PITTSBURGH (KDKA) — If you’ve been to the pharmacy lately, you were probably asked to show your driver’s license.
It is all part of an effort to crack down on an epidemic of overdose deaths in Pennsylvania.
Other states have done this procedure for years, but almost 3,400 overdose deaths last year have been a wakeup call, and this year is on track to be even worse.
Whether they are from prescription overdoses or heroine, the state says most of the deaths can be traced back to an opioid or painkiller genesis.
“The reduction of opioid prescriptions is absolutely essential to curb this crisis,” says Dr. Rachel Levine, Pennsylvania Physician General.
It’s a lifesaving crusade that starts with the doctors.
“To make sure that over-prescribing stops,” said Gary Tennis, the secretary of the state Department of Drug and Alcohol Programs.
And that depends on help from pharmacists.
“Somebody new comes in, you look at it a little bit harder, want the information to make sure that it’s actually for them and it’s a doctor in the area,” says Fred DePasquale, of Waltmire Pharmacy.
But up until now, Pennsylvania has had no way to track if that patient is pharmacy or doctor shopping.
“By the end of August, we will have completed the ABC map system that will serve as a central database for opioid prescribers, letting them know what has been prescribed, to whom and by whom,” said Gov. Tom Wolf.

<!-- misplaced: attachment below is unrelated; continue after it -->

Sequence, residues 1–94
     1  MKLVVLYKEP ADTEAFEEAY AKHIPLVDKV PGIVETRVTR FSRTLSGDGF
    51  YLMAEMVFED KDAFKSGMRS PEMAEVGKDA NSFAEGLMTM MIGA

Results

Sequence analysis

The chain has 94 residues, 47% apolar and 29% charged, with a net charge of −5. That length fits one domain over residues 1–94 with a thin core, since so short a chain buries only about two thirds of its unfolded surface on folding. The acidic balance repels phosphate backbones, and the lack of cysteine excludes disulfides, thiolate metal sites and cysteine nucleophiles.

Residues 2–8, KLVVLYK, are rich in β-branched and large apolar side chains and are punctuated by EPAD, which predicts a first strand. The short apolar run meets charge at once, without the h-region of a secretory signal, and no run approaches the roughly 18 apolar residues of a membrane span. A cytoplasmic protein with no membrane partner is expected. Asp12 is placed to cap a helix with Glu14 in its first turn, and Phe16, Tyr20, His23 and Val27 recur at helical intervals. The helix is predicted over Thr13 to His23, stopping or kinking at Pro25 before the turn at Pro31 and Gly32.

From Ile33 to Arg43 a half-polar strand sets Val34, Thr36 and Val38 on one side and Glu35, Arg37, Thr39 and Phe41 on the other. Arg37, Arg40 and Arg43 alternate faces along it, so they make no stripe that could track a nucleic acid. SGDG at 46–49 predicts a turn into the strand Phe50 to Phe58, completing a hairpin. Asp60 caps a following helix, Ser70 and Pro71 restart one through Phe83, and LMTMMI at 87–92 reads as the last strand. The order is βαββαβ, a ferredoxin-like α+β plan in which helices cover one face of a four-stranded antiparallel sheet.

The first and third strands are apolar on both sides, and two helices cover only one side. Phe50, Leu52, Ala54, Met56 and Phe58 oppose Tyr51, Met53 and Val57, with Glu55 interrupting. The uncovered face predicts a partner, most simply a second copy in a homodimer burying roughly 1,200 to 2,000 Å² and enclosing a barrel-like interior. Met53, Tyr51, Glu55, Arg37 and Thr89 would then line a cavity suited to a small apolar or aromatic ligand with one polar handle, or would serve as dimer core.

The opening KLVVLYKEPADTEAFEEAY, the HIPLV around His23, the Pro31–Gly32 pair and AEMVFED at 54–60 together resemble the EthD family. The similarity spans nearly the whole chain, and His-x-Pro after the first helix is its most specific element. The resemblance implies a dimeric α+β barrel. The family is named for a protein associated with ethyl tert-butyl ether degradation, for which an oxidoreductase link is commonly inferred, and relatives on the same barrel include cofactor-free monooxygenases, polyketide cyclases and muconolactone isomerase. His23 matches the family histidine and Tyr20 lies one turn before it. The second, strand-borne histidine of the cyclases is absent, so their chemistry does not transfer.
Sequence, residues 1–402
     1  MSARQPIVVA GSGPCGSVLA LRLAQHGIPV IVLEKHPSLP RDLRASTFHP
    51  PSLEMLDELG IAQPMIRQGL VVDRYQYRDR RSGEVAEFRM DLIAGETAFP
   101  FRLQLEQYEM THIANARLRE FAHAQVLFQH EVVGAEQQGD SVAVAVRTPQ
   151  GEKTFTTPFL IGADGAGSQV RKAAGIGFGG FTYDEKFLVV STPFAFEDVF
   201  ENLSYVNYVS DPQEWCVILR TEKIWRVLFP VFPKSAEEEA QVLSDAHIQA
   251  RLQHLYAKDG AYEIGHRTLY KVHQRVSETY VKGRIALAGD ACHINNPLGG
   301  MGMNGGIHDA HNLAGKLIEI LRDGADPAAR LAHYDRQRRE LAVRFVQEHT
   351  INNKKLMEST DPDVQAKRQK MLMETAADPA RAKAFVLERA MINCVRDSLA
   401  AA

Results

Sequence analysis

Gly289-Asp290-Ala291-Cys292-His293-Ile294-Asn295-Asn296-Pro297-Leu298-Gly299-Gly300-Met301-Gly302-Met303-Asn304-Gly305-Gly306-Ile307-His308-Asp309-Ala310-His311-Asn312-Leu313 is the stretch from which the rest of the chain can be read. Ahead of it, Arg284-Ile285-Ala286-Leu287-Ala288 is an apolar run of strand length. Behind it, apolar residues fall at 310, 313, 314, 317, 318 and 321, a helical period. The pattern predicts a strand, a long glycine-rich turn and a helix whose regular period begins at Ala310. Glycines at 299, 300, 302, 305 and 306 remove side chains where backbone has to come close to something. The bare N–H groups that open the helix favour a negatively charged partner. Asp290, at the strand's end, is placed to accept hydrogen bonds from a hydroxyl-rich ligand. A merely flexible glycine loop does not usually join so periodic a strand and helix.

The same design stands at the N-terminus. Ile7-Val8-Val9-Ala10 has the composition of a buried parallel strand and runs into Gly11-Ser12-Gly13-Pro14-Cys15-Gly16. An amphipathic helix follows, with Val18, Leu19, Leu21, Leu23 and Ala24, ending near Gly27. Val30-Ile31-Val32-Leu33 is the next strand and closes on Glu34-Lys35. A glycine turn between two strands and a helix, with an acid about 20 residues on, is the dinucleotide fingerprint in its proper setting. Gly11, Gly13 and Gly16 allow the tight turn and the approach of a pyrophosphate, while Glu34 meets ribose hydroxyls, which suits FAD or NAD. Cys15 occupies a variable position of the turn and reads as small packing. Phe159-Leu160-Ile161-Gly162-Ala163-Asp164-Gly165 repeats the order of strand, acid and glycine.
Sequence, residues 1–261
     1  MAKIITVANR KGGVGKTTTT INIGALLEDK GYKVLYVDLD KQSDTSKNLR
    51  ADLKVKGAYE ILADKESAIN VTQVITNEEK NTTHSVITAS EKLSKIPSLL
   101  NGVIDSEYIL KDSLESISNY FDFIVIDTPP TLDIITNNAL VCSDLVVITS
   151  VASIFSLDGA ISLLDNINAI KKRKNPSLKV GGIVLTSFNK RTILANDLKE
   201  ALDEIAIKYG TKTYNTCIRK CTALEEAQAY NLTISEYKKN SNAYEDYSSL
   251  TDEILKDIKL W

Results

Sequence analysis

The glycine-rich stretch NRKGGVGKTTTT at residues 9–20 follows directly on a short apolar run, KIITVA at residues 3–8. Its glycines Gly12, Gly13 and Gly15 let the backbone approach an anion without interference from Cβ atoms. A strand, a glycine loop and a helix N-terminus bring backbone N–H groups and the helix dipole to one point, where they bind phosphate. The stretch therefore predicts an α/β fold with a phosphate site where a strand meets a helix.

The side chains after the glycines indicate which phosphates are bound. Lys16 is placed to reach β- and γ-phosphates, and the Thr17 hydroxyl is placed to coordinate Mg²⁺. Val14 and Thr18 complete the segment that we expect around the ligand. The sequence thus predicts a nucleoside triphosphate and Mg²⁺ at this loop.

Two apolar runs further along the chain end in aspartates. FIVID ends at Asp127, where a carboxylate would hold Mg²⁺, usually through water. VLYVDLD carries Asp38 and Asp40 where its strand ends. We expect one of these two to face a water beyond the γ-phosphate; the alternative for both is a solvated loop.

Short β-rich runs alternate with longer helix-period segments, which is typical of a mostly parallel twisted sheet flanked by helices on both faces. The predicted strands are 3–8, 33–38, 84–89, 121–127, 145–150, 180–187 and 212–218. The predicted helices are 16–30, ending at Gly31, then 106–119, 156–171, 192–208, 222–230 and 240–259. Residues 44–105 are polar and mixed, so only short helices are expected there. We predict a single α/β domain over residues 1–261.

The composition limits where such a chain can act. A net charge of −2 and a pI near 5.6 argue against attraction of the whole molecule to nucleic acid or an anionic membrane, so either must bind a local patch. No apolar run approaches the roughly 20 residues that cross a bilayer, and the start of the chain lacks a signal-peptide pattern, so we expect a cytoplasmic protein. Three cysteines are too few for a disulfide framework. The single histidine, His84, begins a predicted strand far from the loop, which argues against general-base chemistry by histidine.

To create that database is why you’re being asked for ID when you go to your pharmacy. The state has previously gotten the information, but in monthly reports.
“There is no longer a lag time. We have to transmit that information to them daily,” DePasquale says.
The governor wants the legislature to make checking the database mandatory before scripts are written or filled.
“You’ll be able to find out if that particular patient has been anywhere else in their recent history, if they’ve been in another pharmacy three days previously or even that day or whatever the case is,” said DePasquale.
But it’s important to point out; the information for the database is limited to “controlled substances.”
While the request for ID may be an inconvenience, don’t expect an apology from the state leaders.
“The point is we all have a problem here in Pennsylvania,” says Gov. Wolf.
The governor reminds us that this is an epidemic of death that reaches into every neighborhood no matter the economic level. That means it’s critical that the database is comprehensive, including even your neighborhood pharmacy.